Doesn’t anything stop the Lerp Psyllid?

As with any organism there also are “natural” enemies of the Red Gum Lerp Psyllid, but they live in their “natural” environment, which is Australia. Intensive studies are being conducted to determine just what those enemies are and, if possible, import them to California to control the pest there. This is always touchy, and must be one with the greatest of caution. Commonly the natural enemy of an imported plant pest turns out to be a tiny parasitic wasp. Those which were the enemies of the Blue Gum Psyllid were introduced, raised by the zillions, and released to the environment, where they very effectively controlled the problem in this country.

However, imagine the damage that could be caused if we brought in a second new species of animal to control the first species, and that second species turned out to be a bigger problem, now unleashed on a new environment. Imagine the problem if it turned out that the tiny parasitic wasp that could control the Blue Gum Psyllid also took a liking to all the ladybugs, or some other beneficial insect in California – the eggs of Praying Mantids, perhaps. So, use of beneficial insect controls requires very careful study prior to their use.

Otherwise, there are numerous natural predators of sucking insects such as the Red Gum Lerp Psyllid, and some of those known to attack these critters are:

  • Ladybird Beetles (lady “bugs”) – Two Spotted Ladybird Beetle, Convergent Ladybird Beetle and others
  • The Minute Pirate Bug
  • Green Lacewings and Brown Lacewings
  • Spiders
  • Birds – chickadees and bushtits have been observed feeding on them.
  • Syrphid flies – the pretty little wasp mimics, that we call flower flies

What should I do if my trees are infested?

Well, as hard as it may be to do so, your current best course is to do …….nothing. By this is meant do nothing as far as spraying the trees with insecticides, because this really is going to do very little to help. The Professional Pest Control companies do have several chemical tools available to them that seem to help prevent or eliminate the Lerp Psyllid, but this might best be used if your trees are at risk. Some of these are used as a soil injection rather than a spray, and the chemical is absorbed by the tree’s roots. This offers a low impact method that gets the chemical inside the leaves where the psyllids can ingest it.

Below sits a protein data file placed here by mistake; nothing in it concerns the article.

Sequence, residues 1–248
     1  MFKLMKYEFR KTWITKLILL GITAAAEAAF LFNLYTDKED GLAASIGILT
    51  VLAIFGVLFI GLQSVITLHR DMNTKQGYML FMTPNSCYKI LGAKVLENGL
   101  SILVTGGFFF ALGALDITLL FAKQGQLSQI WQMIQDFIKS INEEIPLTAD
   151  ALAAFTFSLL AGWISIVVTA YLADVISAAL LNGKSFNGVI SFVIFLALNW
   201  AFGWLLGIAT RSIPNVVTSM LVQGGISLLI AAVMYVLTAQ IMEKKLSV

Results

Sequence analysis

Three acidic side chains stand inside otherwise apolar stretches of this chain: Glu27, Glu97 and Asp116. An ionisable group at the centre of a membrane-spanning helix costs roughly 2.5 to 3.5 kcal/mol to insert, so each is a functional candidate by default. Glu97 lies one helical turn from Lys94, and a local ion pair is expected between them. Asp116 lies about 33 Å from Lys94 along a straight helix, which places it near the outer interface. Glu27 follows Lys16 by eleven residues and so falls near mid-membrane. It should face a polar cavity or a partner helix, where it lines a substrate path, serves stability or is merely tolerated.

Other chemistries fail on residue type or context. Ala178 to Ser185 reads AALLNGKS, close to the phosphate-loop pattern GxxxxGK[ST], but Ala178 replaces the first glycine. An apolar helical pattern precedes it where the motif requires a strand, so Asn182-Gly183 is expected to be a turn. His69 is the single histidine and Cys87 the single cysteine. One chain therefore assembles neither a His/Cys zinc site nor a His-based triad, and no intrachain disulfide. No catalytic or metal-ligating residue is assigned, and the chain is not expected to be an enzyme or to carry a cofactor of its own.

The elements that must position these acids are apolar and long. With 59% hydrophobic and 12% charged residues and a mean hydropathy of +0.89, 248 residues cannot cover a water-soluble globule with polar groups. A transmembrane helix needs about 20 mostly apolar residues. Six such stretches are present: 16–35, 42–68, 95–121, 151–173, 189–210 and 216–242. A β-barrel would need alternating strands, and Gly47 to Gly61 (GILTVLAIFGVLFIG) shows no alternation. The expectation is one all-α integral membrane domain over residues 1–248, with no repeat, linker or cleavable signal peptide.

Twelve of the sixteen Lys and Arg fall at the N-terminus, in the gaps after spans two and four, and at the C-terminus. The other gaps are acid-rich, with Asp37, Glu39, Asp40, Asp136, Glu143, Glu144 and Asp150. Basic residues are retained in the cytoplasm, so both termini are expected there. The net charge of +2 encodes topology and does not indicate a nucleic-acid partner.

The University of California is working quickly to identify the parasitic wasps that would control the Red Gum Lerp Psyllid, and currently feel they have identified a tiny parasitic wasp that is specific to this pest. This wasp is named Psyllaephagus bliteus – a very appropriate name, for the first part of it means “psyllid eater”. It is in the approval stage for rearing and releasing, and test areas already are being tried. University of California is very optimistic that it will be successful, but results are slow, as the wasps will spread on their own throughout infested areas, and it may be years before populations of the Lerp Psyllid noticeably crash.

Other than this, just ensure your trees stay in good health. Do Not Fertilize eucalyptus trees, as this causes greater foliage production and encourages larger populations of the psyllids. Appropriate “supplemental” watering could be provided to the trees during periods of extended non-rainfall, to ensure they stay healthy and not in a stressed condition.

Resource: BugBattalion.com/NJ